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Now the 55-year-old is going back.
Mr Chronican will start a new job as academic manager of the foundation year at the University of Otago on Monday.
''It's a university entrance course for international students and domestic students who don't have enough qualifications to get direct entry into an undergraduate degree.''
While Mr Chronican was ''really excited at the change'', he was sad to be leaving Kaikorai Valley College after 32 years at the school.
''Leaving is going to be tough.
''What I've really loved about here is the people. It's been about the people that have come in and out of here every day.
''I love the fact that they are full of promise and you know when you've been doing this a long time that you do make a difference to their lives.
''Kids come back and you find out later on that you were their favourite teacher and you made an impact. It takes a while to cycle back to you.
''I like that.''
Mr Chronican said he was not looking for a new job, but when the opportunity came up, he decided to take it.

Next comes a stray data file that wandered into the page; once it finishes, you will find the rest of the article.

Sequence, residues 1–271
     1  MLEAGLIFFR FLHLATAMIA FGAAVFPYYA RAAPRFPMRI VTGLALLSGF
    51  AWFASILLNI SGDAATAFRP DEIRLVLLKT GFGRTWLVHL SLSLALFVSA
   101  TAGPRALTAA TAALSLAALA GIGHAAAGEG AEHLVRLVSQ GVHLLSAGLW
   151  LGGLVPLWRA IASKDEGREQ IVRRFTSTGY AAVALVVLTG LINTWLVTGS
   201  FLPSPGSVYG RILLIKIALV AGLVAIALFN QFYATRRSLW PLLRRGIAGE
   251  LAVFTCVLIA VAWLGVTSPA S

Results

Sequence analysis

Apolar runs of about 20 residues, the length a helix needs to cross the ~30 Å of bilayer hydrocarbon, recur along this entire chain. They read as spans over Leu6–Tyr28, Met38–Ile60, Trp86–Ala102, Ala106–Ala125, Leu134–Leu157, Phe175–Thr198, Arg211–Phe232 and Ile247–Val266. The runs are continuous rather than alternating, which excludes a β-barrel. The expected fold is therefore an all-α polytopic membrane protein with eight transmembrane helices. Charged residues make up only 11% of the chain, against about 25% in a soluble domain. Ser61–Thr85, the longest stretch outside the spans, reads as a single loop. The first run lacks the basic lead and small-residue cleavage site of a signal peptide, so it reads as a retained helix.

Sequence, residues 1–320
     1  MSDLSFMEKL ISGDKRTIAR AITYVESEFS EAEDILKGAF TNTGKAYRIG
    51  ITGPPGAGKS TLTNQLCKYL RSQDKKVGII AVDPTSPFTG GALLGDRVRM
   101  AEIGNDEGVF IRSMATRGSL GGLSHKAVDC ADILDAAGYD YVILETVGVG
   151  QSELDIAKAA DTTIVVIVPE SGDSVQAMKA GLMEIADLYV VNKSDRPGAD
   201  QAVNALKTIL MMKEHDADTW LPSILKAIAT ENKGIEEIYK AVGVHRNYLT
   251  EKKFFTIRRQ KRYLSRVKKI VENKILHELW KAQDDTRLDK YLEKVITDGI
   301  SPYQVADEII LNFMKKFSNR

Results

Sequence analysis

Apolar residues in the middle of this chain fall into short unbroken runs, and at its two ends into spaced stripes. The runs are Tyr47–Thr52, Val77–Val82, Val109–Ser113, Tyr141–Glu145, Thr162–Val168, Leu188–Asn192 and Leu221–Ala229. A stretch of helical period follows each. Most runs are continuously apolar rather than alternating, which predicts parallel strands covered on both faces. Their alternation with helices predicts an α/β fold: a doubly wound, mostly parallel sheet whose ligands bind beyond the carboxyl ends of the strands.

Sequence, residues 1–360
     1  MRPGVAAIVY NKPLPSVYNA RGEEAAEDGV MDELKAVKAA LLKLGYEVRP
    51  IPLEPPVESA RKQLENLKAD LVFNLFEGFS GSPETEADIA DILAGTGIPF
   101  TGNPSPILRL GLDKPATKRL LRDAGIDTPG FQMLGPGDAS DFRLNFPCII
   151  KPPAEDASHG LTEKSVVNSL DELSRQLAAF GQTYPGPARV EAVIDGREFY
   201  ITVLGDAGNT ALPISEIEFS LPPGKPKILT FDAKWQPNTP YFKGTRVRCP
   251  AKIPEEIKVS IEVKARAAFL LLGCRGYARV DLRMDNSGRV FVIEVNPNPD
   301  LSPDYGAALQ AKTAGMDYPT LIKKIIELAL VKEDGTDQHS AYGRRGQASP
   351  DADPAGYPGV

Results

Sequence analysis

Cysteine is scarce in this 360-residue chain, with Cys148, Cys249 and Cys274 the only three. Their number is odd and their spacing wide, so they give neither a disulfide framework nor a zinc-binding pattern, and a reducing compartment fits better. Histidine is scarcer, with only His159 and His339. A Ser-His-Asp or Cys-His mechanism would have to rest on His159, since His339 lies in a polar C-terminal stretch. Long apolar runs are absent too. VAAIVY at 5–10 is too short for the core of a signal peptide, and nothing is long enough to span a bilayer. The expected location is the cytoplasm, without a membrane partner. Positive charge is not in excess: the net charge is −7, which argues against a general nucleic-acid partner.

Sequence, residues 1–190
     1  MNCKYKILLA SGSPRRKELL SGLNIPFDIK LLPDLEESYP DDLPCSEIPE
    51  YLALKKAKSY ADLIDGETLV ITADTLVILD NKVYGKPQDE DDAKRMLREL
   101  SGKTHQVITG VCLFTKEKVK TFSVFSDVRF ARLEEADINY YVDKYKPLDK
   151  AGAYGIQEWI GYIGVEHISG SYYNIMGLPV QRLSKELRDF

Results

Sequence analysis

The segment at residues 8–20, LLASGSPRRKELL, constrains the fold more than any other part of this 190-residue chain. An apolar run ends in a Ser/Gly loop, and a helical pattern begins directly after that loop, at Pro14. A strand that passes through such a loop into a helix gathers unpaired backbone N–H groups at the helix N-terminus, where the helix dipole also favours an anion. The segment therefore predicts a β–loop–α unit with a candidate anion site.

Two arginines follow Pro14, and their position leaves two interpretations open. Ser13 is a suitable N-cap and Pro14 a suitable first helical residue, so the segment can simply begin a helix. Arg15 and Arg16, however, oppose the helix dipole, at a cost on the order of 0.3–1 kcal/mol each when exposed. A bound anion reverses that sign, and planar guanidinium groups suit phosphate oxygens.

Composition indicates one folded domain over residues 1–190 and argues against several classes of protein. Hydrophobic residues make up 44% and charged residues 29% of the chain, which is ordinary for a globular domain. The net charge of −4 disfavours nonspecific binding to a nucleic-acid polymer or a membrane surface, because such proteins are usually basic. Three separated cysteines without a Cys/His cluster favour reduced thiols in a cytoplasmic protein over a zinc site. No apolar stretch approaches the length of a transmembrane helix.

''I thought, I'm 55, I want to be working at 65-70. I can either sit it out here or I can look for a whole new challenge.
''I'm happy with what I've been doing here - I love it - but I have been doing the same thing over and over. It's challenging, but there aren't any challenges that I haven't met before.
''I need to do something else in my life.''
He had accumulated a lot of experience and skills managing people and programmes during his time at Kaikorai Valley College, but felt it was time to use them in a different environment, he said.
Mr Chronican began his teaching career at what was then Kaikorai Valley High School in 1982, as a relieving maths teacher.
He was kept on and became head of maths in 1990 before taking on a variety of roles in the school's senior management, including student support director, assistant principal, deputy principal, learning support manager, and international student programme director.
He was also a successful First XV rugby coach during the 1980s, with his team winning the Dunedin under-18 competition in 1987.
He continued his involvement with secondary schools rugby at a national level throughout his time at Kaikorai Valley College and is the present chairman of the Secondary Schools Rugby Council.
Mr Chronican was also heavily involved in coaching rowing at the school for many years and was a keen participant in outdoor education activities, regularly attending year 10 Tautuku camps and school ski trips.
Principal Rick Geerlofs congratulated Mr Chronican on his appointment, but said the school was devastated to be losing ''a person who has given so much to Kaikorai Valley College''.
''Our loss is the university's gain.''